• Growing Herbs For Your Own Healthy Smoothies

    Cilantro

    Cilantro

    And Meals!

    Finally! It seems that spring really has sprung here in Texas, and that means that I finally have in the ground the herbs that I both cook with and juice. Yeah, me!!

    Why do I go to the trouble of growing my own? Only one reason…our health, plain and simple. This way I can control what dirt the plants are grown in and I can also avoid the chemicals that grocery store herbs and veggies usually have sprayed on them.

    So…what did I plant and why? You need to do your own research, but I’ll be glad to share with you my thoughts and findings.

    1. Oregano

    Known as the “delight of the mountains” in the Greek language, oregano  is packed with the antioxidant quercitin, which some research claims helps prevent the growth and increase of  breast cancer cells. Oregano also contains the phytochemical farnesol, thought to prevent skin cancer growth.

    Peppermint

    Peppermint

    2. Parsley

    If you are like me, you’ve always thought that parsley is for decoration, right? I’ll admit that I don’t really like the taste of parsley, and I usually juice it with other things to cover the taste that comes from a phytochemical called polyacetylenes. Research indicates that eating parsley helps inhibit carcinogens as well as helping control the growth of tumors.

    3. Cilantro (Coriander)

    If you’re from Texas, you thought cilantro was a Mexican herb, didn’t you? In actuality, cilantro is a native of southwest Asia and North Africa, its use documented as far back as ancient Greece.  Research indicates that this herb contains antioxidants and acts as a digestive aid as well. Cilantro is thought to act upon urinary tract infections and has antibacterial effects on bacteria and fungi.

    Parsley

    Parsley

    4. Basil

    Accordiing to research coming out of Colorado State University, basil provides antibacterial benefits and may kill a common soil-borne bacteria that is expecially dangerous to people with a compromised immune system.

    5. Peppermint

    This is actually my fun herb; however, according to research from Harvard Medical School peppermint does seem to have an effect on a variety of abdominal problems.

    Obviously, you have a myriad of herbs from which to choose; however, these five are the ones in my 2013 herb bed. My advice would be to do your own research, but beware! Seldom does the mainstream medical world agree with the “natural” world and vice versa.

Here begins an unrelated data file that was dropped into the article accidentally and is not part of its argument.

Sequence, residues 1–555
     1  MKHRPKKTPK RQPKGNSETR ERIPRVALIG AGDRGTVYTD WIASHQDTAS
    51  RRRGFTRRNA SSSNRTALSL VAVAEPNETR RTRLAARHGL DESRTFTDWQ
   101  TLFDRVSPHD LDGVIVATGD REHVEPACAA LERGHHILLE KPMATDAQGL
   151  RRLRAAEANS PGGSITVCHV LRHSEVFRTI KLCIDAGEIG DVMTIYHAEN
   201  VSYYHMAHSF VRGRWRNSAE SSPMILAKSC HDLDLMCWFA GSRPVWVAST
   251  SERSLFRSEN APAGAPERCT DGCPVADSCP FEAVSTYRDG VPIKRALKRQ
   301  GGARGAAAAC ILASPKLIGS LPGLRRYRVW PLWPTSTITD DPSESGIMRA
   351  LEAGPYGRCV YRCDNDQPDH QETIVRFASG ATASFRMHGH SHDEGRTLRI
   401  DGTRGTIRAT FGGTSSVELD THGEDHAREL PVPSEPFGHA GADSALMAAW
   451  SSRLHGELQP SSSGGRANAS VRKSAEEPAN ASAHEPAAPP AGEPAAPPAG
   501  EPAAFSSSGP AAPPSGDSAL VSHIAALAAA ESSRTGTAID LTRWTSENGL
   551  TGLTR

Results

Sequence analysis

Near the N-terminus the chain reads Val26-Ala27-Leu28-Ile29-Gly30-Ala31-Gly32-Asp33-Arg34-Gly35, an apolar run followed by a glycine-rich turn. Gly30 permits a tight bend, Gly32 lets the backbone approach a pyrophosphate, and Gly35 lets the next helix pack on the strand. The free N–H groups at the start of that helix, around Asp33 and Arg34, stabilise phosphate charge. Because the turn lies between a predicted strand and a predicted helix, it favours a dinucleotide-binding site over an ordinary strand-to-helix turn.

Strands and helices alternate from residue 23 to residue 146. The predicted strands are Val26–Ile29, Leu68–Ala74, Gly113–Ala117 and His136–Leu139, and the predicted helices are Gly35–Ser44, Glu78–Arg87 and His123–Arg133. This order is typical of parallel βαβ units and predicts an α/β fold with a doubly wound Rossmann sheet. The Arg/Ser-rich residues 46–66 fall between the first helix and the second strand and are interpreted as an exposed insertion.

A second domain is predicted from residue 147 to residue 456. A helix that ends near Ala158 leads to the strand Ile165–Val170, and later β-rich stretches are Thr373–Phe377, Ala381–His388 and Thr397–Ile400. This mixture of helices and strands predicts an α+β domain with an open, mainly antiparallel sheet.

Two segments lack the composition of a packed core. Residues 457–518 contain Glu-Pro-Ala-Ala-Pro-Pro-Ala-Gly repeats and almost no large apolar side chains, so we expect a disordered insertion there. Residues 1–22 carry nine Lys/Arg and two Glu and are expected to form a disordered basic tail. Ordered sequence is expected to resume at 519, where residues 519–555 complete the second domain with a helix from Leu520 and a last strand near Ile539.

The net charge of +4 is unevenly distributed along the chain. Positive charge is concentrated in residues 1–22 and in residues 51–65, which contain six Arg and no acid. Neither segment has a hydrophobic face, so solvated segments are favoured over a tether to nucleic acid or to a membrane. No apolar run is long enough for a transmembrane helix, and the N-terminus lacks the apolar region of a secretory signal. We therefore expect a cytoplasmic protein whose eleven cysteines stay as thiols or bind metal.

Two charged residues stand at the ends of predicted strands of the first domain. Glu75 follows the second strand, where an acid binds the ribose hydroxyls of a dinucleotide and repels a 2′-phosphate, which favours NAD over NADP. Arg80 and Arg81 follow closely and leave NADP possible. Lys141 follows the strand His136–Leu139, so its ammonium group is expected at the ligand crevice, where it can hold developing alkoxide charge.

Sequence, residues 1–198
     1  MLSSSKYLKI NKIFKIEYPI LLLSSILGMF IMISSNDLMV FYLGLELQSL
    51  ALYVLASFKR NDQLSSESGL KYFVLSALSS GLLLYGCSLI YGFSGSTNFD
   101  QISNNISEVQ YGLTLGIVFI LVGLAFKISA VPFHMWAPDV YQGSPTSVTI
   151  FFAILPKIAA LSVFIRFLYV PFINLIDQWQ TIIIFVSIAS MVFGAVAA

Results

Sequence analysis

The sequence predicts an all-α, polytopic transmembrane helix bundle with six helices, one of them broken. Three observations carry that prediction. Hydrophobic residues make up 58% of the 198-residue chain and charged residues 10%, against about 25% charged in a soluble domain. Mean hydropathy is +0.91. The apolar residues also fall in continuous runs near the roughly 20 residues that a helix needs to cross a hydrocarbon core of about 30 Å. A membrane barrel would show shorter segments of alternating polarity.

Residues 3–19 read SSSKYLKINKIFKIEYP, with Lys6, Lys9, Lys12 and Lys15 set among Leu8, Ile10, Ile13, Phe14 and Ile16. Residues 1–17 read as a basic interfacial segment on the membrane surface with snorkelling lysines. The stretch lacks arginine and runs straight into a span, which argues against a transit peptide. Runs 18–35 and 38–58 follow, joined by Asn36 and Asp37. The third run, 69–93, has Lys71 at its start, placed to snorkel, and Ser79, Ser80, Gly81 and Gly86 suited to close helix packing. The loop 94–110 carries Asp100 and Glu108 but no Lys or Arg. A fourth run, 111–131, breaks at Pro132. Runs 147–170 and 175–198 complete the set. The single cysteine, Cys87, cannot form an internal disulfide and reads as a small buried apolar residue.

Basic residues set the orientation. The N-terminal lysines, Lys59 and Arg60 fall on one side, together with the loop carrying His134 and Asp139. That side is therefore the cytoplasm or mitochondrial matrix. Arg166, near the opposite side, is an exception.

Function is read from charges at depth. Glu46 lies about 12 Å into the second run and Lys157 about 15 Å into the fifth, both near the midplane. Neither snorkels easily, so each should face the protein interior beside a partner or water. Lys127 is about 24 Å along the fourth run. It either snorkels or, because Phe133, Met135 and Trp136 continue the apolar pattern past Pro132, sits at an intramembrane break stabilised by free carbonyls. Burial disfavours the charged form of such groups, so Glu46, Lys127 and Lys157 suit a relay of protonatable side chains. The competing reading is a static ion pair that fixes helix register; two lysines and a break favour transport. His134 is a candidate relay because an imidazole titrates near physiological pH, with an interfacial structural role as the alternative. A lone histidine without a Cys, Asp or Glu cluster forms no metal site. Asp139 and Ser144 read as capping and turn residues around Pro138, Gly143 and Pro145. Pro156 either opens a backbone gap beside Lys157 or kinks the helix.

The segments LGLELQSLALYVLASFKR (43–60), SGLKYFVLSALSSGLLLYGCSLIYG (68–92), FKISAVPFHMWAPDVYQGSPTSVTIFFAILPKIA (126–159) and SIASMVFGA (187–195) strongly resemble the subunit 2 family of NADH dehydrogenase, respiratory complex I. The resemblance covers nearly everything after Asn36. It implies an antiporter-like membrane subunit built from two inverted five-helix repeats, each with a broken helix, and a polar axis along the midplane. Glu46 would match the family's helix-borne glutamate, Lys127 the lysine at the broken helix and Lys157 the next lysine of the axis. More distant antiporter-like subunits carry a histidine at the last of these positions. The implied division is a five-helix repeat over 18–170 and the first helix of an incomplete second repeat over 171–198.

It’s very hard to wade through the discussions, but remember, it’s not too late to plant your own herb garden…or put a few in pots. That works just as well!

    About Fredda Jones

    Fredda Davis Jones was raised “in the country” in Comanche County and learned very early that creativity and innovation are traits that can flourish even in small-town Texas and that with enough effort, indeed nothing is impossible, including being married to the same man for over 40 years! Rickey and Fredda have 2 children, 5 grandchildren, and a crazy life that includes sitting in the bleachers several times a week. The rest of her time is spent creating great content for texansunited.com and marketing small-town Texas.
    This entry was posted in Health & Beauty - Looking & Feeling Our Very Best!, Just Texas! Presenting Bloggers From Texansunited.com, Staying Healthy and tagged , , , , , , , , , , , , , , , , , , , , , , , , , , , , , , , , , , , , , , , , , , , , , , , , , , , , , , , , , , , , . Bookmark the permalink.

    2 Responses to Growing Herbs For Your Own Healthy Smoothies

    1. Sherman Zagel says:

      Oregano, commonly called “the pizza herb,” is one of the most widely-used herbs worldwide, so it is hard to imagine anyone not having tried it. However, oregano was virtually unused in America until returning World War II soldiers heightened the popularity of pizza. :':;

      Newest post provided by our internet page
      <http://healthmedicine.co/

    2. Rodrick Kur says:

      Without specific knowledge of their cellular actions or mechanisms, phytochemicals have been considered as drugs for millennia. For example, Hippocrates may have prescribed willow tree leaves to abate fever. Salicin, having anti-inflammatory and pain-relieving properties, was originally extracted from the bark of the white willow tree and later synthetically produced became the staple over-the-counter drug aspirin..*^^

      My personal website
      <http://healthmedicinejournal.com

    Leave a Reply

    Your email address will not be published. Required fields are marked *

    You may use these HTML tags and attributes: <a href="" title=""> <abbr title=""> <acronym title=""> <b> <blockquote cite=""> <cite> <code> <del datetime=""> <em> <i> <q cite=""> <strike> <strong>